Review Blog

Sep 01 2014

Quincy Jordan by Jen Storer

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Crystal Bay Girls bk 1. Puffin, 2014. ISBN 9780143307594.
(Age: 10+) Quincy Jordan is an ideal heroine for tweens in middle school but YA readers will also get a kick out of her dramas. Plucked out of her private girl's school in Sydney by her deserted mother looking for a sea-change after her separation, 14 yr old Quincy comes of age in Crystal Bay. The first half of the book deals with her old life and friendships in Sydney, her father's infidelity and her mother's subsequent depression.
Upon arrival in Crystal Bay, which is reminiscent of Byron Bay, Quincy, is still reeling from family breakup. Both mother and daughter rediscover themselves with the help of Quincy's estranged aunt and cousins. Crystal Bay high is a co-ed school and adolescent boys both shock and amuse our narrator and her readers:
'I am transfixed. I am studying them like a BBC nature expert: Only in an Australian school ground do we find this rare and only partially evolved species. Fera-simia. Feral ape.'
Quincy finds hitherto unrealised satisfaction in designing the costumes for the school musical regardless of her long-held assertion that she should follow her father's footsteps into medical school and despite fainting at the sight of blood. Her outgoing cousin Esme; and Harris, her first love interest who conveniently returns her affections, generate new challenges and help Quincy begin to define herself.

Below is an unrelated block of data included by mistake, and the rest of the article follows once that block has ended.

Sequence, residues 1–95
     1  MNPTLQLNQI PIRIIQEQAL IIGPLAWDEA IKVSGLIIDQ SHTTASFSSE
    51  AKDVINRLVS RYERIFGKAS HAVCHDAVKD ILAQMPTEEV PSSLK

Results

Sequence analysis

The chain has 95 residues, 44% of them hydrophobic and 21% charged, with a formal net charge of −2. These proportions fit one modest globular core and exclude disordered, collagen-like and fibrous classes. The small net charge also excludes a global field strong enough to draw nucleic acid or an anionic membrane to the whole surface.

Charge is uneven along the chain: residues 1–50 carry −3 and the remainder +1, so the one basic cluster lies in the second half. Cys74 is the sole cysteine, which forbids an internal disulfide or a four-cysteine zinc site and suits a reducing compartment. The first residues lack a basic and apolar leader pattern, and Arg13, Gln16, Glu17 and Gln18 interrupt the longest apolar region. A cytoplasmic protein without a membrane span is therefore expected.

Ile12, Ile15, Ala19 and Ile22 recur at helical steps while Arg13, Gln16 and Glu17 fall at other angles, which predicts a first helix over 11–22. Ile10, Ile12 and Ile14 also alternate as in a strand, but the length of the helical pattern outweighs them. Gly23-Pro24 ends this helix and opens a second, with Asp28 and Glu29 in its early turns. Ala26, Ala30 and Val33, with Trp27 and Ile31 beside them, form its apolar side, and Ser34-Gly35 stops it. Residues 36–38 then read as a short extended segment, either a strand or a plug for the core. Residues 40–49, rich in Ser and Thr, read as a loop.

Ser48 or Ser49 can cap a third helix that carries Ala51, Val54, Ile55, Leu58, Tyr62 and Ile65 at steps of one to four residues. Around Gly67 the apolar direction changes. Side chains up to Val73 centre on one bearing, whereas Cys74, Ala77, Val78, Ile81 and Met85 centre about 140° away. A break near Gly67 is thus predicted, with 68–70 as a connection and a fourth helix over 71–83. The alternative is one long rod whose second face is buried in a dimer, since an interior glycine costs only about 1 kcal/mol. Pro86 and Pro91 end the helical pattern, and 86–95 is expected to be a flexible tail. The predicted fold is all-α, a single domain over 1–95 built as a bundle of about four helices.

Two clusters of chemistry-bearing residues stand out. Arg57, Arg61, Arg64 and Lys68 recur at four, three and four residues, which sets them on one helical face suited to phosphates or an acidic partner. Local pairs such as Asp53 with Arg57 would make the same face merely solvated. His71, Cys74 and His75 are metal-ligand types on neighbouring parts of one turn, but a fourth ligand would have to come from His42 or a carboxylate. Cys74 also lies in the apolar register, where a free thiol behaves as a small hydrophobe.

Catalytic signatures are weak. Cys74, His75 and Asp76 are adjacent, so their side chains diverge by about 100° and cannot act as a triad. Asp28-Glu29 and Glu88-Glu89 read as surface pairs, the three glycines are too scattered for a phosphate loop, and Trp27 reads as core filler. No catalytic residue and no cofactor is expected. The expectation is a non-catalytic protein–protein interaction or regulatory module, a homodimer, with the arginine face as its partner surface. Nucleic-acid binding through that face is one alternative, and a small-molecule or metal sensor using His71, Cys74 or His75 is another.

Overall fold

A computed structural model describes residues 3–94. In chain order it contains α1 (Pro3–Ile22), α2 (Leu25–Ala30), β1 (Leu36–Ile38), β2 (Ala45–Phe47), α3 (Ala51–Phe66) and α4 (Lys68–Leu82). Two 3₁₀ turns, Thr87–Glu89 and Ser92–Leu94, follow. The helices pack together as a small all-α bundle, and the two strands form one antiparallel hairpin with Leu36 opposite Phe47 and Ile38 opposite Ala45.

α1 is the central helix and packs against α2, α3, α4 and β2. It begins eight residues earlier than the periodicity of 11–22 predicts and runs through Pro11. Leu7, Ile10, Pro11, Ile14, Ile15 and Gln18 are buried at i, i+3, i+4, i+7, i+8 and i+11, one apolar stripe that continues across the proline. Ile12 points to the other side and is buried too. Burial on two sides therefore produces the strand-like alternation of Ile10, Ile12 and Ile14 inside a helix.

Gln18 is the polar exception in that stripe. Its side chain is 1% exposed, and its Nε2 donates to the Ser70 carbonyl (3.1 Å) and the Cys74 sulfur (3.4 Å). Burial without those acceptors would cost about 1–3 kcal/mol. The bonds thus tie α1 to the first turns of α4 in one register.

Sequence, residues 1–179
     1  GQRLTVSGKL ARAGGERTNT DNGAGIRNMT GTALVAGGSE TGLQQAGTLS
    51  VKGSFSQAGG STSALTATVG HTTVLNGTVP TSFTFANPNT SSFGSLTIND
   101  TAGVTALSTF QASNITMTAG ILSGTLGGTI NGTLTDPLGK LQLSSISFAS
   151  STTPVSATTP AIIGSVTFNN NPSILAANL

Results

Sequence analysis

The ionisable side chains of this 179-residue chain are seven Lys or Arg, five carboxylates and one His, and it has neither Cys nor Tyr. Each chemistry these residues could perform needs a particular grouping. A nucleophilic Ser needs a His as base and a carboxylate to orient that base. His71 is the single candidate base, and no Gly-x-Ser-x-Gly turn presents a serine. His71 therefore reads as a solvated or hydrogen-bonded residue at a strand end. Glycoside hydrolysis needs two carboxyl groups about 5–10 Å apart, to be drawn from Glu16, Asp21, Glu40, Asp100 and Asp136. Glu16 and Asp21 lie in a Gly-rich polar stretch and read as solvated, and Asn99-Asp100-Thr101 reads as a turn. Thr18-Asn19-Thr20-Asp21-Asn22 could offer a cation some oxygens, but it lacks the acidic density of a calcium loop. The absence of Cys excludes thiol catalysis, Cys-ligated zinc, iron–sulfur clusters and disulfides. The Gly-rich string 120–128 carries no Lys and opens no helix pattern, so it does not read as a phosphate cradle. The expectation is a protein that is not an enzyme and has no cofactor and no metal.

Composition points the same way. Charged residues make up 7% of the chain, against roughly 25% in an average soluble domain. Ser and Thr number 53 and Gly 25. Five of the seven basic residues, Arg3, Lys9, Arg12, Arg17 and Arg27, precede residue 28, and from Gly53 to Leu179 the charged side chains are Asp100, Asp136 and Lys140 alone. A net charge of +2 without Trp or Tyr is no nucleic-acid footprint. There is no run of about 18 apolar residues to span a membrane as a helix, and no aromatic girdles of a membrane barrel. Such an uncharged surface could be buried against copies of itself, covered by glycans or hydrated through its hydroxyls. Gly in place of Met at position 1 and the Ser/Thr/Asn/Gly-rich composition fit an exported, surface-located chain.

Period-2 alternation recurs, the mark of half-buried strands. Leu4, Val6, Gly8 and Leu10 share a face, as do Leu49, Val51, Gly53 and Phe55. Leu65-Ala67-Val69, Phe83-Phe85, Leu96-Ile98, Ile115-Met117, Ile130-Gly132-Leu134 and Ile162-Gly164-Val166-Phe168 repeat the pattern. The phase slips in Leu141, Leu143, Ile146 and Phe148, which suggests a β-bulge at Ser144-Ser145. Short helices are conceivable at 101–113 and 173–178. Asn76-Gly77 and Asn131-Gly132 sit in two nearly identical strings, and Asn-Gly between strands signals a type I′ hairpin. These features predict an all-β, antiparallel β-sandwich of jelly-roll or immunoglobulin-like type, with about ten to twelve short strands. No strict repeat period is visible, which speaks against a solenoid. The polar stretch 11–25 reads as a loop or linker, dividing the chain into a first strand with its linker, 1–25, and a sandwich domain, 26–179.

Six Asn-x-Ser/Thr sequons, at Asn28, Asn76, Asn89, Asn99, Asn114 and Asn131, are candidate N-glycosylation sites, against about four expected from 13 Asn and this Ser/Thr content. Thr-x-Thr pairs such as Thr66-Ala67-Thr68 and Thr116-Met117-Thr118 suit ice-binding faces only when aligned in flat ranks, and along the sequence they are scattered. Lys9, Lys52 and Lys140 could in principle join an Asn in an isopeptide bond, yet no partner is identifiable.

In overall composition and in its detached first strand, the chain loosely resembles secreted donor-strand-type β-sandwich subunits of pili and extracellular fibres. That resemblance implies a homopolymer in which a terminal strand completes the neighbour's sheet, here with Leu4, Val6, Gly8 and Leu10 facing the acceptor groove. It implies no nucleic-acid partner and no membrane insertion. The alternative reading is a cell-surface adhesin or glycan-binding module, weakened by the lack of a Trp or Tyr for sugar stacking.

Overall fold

Jen Storer's endpapers, complete with a Quincy style guide and glossary, sets the tone for an engaging young teenage series. Readers were never told the back story between Quincy and her nemesis, Satin and have yet to discover the outcome of the unresolved rift with her father. But even if these questions are never answered, the ripe lives of all the Crystal Bay Girls, have barely been touched upon and are sure to provide many more thrills and spills.
Deb Robins

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